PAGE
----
There are also many instances, such as wage theft by employers, that are illegal but do not carry the same weight as the ‘criminal behaviors’ mentioned previously. Another instance considered criminal but not investigated adequately is the Missing and Murdered Indigenous Women, Girls and Two-Spirit crisis here in Canada. With these examples, we can see that ‘criminality’ is centred around power, or who holds the least amount of social wealth.
We have to remember that from its very creation, policing in Canada was used for racist and colonial purposes and continues into today.
When we talk about ‘defund the police,’ we must remember that the police or the criminal justice system do not address why the crime happened, or the factors influencing the person to commit the crime. We want to reallocate or move the funds that are put into the police into areas that will directly address the root causes of ‘criminal behaviour.’ This could mean more money into social housing, food security, harm reduction, and better support for individuals.
This term abolition wants to redistribute the money into areas or programs that focus on fixing the social and economic issues that create harm in the first place. By doing this, it also gives communities the ability to define what safety means to them, and to give them the tools and resources to help them battle poverty and to give support to everyone. There will not be a one-size-fits-all solution, but a combination between the removal of the conditions that necessitate ‘crime’, a culture of community well-being, greater mental health care, and much more. Abolition is as much about destroying harmful institutions as it is creating ones centred around compassion and love.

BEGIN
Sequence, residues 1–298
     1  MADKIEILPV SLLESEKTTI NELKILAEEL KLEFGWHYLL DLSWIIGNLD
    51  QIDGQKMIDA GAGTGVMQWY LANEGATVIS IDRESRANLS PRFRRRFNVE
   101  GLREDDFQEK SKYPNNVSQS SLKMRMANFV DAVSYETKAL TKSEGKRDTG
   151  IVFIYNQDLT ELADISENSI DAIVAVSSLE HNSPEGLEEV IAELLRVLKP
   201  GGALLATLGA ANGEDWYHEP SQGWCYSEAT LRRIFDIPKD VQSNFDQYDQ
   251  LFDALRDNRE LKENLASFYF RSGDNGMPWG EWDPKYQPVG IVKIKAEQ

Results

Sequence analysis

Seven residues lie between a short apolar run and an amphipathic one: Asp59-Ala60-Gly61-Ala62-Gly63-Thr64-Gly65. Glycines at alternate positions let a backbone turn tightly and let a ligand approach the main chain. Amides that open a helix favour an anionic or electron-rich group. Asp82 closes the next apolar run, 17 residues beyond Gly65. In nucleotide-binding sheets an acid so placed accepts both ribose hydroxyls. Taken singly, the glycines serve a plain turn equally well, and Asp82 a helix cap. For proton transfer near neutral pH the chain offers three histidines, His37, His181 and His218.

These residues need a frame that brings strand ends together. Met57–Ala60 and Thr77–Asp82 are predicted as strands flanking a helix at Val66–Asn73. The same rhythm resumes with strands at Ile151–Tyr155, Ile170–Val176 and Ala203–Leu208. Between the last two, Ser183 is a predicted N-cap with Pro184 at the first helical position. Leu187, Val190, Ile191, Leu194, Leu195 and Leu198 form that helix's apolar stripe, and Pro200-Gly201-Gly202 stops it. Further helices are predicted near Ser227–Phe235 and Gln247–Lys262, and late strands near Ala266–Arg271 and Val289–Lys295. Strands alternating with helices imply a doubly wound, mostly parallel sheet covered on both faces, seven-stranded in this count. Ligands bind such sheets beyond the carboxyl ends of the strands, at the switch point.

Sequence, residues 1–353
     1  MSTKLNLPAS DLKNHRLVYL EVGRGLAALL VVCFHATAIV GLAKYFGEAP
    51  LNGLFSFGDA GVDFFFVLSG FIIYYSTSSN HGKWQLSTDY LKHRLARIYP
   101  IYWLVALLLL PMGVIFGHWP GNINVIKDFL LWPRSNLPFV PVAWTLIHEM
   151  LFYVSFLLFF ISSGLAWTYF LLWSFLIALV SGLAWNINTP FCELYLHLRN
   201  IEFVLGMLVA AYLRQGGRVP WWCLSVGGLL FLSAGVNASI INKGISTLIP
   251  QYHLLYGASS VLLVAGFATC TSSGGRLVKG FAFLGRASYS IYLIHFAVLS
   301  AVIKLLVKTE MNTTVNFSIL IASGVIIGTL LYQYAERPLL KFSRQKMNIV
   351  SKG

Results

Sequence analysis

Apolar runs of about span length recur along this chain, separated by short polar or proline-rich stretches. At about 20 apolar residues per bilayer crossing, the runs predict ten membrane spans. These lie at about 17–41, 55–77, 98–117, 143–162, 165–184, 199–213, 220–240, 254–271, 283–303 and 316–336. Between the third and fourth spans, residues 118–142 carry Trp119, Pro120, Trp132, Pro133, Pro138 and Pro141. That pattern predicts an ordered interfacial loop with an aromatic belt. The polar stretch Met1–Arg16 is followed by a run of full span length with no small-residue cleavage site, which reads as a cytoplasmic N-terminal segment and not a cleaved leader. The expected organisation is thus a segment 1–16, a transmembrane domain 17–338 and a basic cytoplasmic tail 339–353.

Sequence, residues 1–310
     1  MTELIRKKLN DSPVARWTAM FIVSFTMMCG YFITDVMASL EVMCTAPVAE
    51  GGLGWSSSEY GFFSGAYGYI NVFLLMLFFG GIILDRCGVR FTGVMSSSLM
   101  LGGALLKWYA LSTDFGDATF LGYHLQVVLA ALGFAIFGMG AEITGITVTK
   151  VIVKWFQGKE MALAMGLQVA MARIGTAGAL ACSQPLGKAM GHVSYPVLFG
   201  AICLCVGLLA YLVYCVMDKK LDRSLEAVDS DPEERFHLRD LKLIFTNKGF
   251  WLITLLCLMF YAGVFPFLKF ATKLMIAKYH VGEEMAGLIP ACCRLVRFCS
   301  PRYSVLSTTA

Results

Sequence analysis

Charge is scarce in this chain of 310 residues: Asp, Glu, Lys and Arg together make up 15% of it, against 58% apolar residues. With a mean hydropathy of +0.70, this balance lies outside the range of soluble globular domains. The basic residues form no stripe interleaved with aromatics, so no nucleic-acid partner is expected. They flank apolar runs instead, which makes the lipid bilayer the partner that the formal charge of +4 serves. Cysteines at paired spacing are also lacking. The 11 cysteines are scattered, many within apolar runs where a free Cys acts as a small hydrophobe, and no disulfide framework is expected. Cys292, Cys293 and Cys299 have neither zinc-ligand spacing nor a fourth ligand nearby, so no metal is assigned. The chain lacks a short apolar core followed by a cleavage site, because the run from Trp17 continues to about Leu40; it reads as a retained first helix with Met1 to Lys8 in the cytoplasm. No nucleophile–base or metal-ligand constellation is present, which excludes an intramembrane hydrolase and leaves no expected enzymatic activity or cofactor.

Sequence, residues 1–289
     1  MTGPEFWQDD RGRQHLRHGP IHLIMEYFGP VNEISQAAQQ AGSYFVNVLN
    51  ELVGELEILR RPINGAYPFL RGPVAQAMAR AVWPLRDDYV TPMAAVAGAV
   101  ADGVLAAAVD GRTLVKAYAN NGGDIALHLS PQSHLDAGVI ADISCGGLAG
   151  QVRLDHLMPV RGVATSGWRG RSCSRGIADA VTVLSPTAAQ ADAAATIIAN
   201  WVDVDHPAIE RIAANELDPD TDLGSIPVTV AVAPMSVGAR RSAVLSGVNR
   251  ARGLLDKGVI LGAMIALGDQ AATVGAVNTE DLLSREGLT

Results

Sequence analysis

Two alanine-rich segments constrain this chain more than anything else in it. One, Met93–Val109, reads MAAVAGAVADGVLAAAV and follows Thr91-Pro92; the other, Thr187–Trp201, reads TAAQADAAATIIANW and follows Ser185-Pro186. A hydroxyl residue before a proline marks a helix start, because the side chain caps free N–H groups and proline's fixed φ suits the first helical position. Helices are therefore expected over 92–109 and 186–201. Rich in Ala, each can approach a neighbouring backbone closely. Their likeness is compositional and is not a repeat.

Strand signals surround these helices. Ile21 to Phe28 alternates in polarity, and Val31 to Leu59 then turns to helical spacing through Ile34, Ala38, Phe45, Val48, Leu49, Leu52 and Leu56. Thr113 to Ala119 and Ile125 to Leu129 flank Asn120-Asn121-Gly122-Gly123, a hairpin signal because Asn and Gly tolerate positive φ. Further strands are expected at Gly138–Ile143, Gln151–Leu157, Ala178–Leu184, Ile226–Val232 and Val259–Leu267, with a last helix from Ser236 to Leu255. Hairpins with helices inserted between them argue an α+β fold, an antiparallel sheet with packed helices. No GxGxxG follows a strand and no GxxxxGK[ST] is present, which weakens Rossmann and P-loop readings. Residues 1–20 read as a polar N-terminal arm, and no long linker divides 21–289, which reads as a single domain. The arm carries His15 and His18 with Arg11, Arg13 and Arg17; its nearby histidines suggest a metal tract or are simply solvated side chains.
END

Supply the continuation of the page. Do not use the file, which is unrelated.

What do the police claim they do vs. what they do/don’t do by Daniel
A lot of time, energy, and money has gone into crafting an image of police to make them seem more effective and essential than they actually are. I’m sure we could all name dozens of “hero cop” tv shows or movies that portray police as taking dangerous criminals off the street on a daily basis. The reality is quite different.
Police spend most of their time either being called to respond to issues that they are not trained to respond to, or going around looking for “crime” in otherwise harmless situations. For example, the most common type of call is “check wellbeing” making up nearly 10% of all dispatched events. Police’s main tool is violence and violence is never helpful to someone experiencing a mental health crisis. There are many accounts of police actually causing harm or death when responding to a mental health crisis. They more often than not bring an aggressive and combative response, and have the ultimate power to kill someone if they feel it is necessary (it is never necessary). Police bring violence and the threat of incarceration and deprive communities of resources through their budget and salaries which perpetuates cycles of poverty, incarceration, violence, addiction, etc.
Police also undermine, deter, and penalize access to life-sustaining services. In Vancouver, there’s a long history of police sitting outside the Insite safe consumption site in the DTES, and even if such a presence doesn’t result in arrests, it can still deter people from using it. The same goes for transit, libraries, schools, and so forth. This means that in order for these public services to succeed, police have to be removed from the picture. Data from the city on the Millennium Library’s usage highlights this, as in 2017/2018 the library received around 850 thousand visitors, however when screening methods were implemented in 2019 this number dropped drastically to 608K. That means there were approximately 150 000 visits that should have happened but didn’t, while the number of serious incidents only went down by 180.